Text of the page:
(Natural News) Women who happen to conceive while currently on an intrauterine contraceptive device (IUD) are more prone to pregnancy and delivery issues such as bacterial infections, preterm delivery, low weight term babies, or a miscarriage, a study conducted by researchers at Ben-Gurion University of the Negev and the Soroka University Medical Center, both in Beersheba, Israel, showed.
The study’s findings were presented at the Society of Maternal-Fetal Medicine’s 38th Annual Pregnancy Meeting in Dallas, Texas on Jan. 29 to Feb. 3, 2018.
“We believe this is the first report tracking children born to mothers using an IUD over a long timeframe. Working with a large sample over 23 years allowed us to investigate obstetric parameters that hadn’t been examined previously in large groups,” said Dr. Gali Pariente, a faculty member of the BGU Division of Obstetrics and Gynecology, BGU Faculty of Health Sciences, and a clinical instructor at Soroka.
IUDs are the most common forms of reversible contraceptives (birth control devices that provide effective contraception for an extended period of time without requiring user action, which is required of latex or rubber condoms) worldwide.
According to a 2015 United Nations report on world contraceptive use, IUDs are as effective as sterilization but are not as permanent, and have been the preferred birth control method for 23 percent of female contraceptive users. (Related: Copper toxicity and birth control.)
That said, around one in 200 women with an IUD conceive each year. The risk of IUD failure is at its peak within the first year of insertion.
The uterus “thinks” of the IUD as a foreign body, thereby emitting an inflammatory action that dispels any kind of sperm implantation. Adding copper or progesterone to the IUD only inflames this response even more, and installs more shields to prevent sperm binding with an egg.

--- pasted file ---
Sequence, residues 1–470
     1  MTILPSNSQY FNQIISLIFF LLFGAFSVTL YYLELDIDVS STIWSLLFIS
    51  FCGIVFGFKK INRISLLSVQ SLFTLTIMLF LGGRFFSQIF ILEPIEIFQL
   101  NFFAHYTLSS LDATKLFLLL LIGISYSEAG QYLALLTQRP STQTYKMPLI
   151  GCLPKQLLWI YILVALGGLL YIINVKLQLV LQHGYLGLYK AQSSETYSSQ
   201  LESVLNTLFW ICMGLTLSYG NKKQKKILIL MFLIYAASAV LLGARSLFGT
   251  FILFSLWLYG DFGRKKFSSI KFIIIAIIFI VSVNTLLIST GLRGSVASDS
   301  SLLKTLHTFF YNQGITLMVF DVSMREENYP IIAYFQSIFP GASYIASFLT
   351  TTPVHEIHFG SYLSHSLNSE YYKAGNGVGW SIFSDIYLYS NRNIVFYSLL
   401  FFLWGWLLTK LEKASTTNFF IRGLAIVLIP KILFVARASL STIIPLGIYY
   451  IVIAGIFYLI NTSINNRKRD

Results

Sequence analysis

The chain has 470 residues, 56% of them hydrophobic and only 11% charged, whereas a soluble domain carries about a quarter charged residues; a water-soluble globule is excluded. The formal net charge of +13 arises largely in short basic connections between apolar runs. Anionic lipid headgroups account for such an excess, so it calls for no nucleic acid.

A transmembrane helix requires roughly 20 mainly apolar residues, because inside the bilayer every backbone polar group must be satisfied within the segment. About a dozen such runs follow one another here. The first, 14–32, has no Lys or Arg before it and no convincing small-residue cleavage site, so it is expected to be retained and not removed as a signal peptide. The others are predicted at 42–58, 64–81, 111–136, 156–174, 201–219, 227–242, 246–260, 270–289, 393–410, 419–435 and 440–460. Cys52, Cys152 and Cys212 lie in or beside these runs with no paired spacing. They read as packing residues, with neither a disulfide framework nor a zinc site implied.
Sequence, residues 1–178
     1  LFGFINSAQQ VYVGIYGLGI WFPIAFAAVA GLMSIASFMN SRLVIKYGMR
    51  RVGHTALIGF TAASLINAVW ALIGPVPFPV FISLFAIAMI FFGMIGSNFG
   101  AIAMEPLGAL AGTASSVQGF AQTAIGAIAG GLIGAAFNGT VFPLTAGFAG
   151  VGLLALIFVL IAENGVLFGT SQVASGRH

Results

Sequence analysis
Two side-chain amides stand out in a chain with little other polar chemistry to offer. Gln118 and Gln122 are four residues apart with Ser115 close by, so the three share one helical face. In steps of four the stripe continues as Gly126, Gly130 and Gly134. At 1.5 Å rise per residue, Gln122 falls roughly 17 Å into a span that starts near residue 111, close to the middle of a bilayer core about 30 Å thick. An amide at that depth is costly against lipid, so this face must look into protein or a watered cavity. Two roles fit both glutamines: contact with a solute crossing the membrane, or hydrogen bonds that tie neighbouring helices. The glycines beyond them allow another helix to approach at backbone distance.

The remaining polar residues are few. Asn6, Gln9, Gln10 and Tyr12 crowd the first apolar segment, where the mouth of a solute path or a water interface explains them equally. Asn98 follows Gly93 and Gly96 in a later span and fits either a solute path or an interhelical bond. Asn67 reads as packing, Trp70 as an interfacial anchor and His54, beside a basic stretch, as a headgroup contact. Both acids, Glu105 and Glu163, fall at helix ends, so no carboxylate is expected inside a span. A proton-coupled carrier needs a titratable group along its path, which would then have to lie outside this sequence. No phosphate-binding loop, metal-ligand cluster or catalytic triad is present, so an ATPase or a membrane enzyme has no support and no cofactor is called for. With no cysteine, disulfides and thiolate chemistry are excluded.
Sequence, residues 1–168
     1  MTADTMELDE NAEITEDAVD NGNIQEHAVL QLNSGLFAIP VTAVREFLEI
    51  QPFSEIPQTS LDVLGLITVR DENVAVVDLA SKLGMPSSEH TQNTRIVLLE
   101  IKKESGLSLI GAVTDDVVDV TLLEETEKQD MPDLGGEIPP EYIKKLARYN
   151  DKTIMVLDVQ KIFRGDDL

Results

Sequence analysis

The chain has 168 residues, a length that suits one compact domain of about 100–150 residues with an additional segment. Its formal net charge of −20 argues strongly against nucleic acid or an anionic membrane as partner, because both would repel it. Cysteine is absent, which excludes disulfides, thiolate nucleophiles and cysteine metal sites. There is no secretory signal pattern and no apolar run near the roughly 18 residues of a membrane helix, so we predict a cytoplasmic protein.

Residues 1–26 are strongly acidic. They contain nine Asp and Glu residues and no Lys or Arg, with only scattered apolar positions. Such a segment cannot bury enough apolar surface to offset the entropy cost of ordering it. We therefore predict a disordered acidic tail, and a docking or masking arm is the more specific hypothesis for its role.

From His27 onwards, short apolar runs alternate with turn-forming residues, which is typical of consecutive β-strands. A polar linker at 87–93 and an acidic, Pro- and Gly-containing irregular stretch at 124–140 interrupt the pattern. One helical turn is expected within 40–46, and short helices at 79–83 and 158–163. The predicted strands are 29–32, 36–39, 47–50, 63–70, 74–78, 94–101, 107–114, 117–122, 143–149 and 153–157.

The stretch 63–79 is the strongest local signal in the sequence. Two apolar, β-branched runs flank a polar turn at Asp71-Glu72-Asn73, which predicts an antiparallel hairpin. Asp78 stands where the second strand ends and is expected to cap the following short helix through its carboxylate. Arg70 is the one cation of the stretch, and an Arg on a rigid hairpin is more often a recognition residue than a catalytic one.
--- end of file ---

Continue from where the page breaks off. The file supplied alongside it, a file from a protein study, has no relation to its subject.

This latest study had researchers comparing the outcomes of 221,800 deliveries between the years 1991 and 2014. This time period showcased almost one percent (203) of the women who delivered babies having an IUD which was taken out early in the pregnancy and six percent (149) keeping their IUD throughout the gestation period, or the process between conception and birth.
Women who got pregnant while having an IUD were more prone to having one or more adverse outcomes such as:
- Preterm delivery – 14.3 percent of pregnant women who took away their IUD and 14.1 percent of them who kept on their IUD had preterm deliveries versus 6.8 percent without an IUD.
- Bacterial infection – Almost five percent who removed their IUD and 2.7 percent who kept their IUD developed a bacterial infection versus 0.6 percent without an IUD.
- Low birth weight – 11.3 percent who took out their IUD and 12.1 percent who kept their IUD delivered babies who weighed less than five pounds versus 6.6 percent without an IUD.
- Perinatal mortality – Two percent who took out their IUD and 1.3 percent who kept their IUD miscarried versus 0.5 percent without an IUD.
“Because of the elevated risks of severe, adverse short-term perinatal complications, we recommend careful monitoring of any women who conceive while using an IUD,” said Dr. Pariente.
What to do when a woman suspects a pregnancy while using IUD
A woman needs to follow these steps if she suspects that she is pregnant while using an IUD. Take note that it is normal for a woman using an IUD to suspect that she is pregnant because doing so can subject a woman to have irregular bleeding during the first few months after IUD insertion.
First, she needs to take a pregnancy test. After confirming that she is pregnant, she should see her doctor immediately to alleviate concerns that her pregnancy is ectopic. After making sure that that isn’t the case, she needs to schedule an IUD removal with her doctor, because the risk of miscarriage increases when the IUD is not taken out during the pregnancy.